PEMRA should not confuse satire with defamation

Feb 1st, 2012 | By | Category: PEMRA, Satire

PEMRAChasing the coat tails of public outcry over Maya Khan’s infamous show, PEMRA has finally taken notice of undesirable media practices. According to a report in The News (Jang Group), PEMRA has stated that it intends to curb not only programmes that invade personal privacy, but satire also.

The authority also reiterated its resolve to curb the derogatory and defamatory satirical programmes aired by many channels in the guise of parody that are inadvertently being used for demeaning and defaming dignitaries.

Defamation is defined under Article 3 of the Defamation Ordinance 2002 requires that “a false statement or representation”. The reason for defamation laws, which are common throughout the world, is to prevent the spread of malicious and vindictive lies to damage someone’s reputation.

Satire is something very different. Satire is the use of irony, sarcasm, and humour to highlight folly with the intention of making an editorial point. It is an ancient art form practiced all over the world, often to point out the mistakes and misbehaviour of elite and powerful figures in society. Satire is inherently promoting a particular opinion or perspective, and is usually considered a specially protected form of free speech.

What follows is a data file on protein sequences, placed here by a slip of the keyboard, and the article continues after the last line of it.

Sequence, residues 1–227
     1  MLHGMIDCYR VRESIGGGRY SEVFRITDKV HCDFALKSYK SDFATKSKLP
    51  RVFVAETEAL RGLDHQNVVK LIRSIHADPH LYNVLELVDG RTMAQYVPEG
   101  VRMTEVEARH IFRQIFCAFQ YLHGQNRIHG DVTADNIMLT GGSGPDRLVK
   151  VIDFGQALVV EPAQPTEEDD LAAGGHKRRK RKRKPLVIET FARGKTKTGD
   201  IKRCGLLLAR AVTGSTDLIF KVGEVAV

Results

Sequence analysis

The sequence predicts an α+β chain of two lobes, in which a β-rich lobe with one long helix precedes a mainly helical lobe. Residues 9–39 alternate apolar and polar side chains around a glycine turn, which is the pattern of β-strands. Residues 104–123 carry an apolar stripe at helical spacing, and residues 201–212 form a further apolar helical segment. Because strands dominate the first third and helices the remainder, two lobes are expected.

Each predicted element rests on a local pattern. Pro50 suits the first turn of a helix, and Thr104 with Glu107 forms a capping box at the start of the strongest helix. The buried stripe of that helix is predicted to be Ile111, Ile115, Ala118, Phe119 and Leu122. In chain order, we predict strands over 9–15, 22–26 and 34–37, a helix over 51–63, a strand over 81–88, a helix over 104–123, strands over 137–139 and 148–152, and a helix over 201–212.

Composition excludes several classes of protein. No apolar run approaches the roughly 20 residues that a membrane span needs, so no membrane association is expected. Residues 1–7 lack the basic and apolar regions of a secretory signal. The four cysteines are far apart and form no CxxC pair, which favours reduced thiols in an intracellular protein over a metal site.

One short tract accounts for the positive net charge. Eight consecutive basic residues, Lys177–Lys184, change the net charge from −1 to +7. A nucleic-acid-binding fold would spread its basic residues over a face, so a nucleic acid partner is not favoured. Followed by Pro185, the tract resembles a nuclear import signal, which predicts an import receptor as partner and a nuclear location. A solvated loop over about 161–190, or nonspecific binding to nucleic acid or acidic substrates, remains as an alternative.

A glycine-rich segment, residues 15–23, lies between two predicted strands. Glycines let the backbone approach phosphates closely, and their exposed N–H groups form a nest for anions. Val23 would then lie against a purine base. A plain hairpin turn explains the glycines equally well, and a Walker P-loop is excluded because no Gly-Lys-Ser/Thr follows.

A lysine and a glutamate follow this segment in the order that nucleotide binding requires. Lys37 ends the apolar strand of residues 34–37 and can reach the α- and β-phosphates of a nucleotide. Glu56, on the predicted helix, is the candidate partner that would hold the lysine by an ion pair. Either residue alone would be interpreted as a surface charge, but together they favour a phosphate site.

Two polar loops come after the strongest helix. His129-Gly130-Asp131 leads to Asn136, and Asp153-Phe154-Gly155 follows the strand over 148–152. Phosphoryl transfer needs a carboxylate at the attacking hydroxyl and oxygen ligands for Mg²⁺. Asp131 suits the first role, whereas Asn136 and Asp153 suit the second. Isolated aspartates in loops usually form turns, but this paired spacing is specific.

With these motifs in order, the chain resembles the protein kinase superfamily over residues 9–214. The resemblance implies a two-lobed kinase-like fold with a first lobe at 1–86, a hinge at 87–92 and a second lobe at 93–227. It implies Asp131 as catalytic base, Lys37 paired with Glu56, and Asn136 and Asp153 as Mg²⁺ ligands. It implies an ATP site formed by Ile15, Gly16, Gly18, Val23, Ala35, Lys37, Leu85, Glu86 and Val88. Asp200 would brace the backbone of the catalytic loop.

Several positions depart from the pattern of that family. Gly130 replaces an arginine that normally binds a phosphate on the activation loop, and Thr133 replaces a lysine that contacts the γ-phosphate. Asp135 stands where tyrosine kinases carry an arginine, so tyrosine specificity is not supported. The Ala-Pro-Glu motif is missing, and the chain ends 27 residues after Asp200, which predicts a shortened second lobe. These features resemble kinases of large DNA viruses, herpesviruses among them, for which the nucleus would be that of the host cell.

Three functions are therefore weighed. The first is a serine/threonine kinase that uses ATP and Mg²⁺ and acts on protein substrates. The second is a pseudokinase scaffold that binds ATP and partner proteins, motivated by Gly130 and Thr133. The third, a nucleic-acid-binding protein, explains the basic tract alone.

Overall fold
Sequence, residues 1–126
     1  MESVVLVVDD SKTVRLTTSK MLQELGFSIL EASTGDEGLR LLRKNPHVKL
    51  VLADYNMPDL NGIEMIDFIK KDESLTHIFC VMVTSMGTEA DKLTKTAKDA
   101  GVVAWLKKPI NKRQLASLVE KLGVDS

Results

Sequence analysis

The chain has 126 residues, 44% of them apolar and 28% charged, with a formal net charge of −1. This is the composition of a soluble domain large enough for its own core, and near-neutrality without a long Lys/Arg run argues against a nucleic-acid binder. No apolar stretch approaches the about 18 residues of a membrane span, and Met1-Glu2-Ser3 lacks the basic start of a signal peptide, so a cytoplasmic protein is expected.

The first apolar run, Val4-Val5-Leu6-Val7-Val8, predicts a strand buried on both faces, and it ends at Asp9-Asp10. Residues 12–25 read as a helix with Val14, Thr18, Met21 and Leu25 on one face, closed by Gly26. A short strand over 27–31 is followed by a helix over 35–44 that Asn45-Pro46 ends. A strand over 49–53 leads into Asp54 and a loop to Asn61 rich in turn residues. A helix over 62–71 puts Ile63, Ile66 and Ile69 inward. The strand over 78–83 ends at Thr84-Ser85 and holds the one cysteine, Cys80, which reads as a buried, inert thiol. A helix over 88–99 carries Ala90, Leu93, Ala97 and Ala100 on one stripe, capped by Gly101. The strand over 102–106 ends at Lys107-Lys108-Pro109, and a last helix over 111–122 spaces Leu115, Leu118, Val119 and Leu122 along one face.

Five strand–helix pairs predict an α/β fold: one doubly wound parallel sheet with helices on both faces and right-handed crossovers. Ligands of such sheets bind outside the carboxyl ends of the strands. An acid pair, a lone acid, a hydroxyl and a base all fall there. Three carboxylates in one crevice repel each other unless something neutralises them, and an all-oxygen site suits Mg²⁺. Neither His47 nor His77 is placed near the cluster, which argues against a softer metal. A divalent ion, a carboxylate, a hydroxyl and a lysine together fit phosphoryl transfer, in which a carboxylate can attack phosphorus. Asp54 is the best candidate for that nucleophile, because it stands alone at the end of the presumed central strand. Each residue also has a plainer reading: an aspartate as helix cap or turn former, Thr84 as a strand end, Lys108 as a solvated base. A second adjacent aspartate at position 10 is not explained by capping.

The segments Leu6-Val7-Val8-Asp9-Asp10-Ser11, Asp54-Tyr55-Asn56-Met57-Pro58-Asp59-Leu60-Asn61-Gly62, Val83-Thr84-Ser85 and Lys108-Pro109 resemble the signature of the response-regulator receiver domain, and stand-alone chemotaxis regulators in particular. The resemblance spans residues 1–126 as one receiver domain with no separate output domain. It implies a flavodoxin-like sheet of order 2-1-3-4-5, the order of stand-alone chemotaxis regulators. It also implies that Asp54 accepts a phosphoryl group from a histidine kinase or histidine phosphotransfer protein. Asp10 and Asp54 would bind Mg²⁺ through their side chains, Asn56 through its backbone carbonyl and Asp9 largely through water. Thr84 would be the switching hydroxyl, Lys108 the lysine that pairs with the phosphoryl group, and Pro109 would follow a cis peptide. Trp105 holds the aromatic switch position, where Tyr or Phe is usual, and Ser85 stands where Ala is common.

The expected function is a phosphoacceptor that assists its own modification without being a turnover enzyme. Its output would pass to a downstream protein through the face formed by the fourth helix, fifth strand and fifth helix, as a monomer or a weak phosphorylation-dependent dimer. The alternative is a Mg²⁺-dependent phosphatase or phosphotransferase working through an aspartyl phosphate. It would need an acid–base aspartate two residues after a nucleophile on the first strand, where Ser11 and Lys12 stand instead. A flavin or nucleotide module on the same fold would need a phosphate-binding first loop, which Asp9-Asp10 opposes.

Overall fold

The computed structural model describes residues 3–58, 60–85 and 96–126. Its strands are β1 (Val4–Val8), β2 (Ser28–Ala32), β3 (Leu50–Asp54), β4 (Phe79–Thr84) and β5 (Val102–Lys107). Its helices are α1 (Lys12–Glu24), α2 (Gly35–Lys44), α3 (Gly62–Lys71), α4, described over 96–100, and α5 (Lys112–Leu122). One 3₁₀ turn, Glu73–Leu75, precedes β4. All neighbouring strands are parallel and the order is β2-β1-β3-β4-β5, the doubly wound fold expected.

Examples of satire include many of Nadeem Paracha’s columns for Dawn, Beygairat Brigade song ‘Aalu Anday’

and Aaj TV‘s 4 Man Show

These programmes are not presenting false representations to defame or demean anyone. They are merely using humour to highlight the eccentricities and particularities of prominent issues and persons in society. Just because someone is a dignitary or has achieved a high reputation, it does not mean that they are flawless. Actually, many argue that the more influence a person or institution has, the more important it is to scrutinise them so that they live up to the expectations that society places on them.

PEMRA does not need to curb satirical programmes, which are part and parcel of a healthy debate and discussion in society. Rather, the regulatory agency needs to curb the false and defamatory information that is all too common in news reports. Rather than crack down on satire, PEMRA should issue guidelines about biased reporting and publishing opinions and viewpoints outside the clearly labeled spaces for such views so that readers and viewers clearly know when they are being presented with facts and when they are being presented with someone’s personal opinion.

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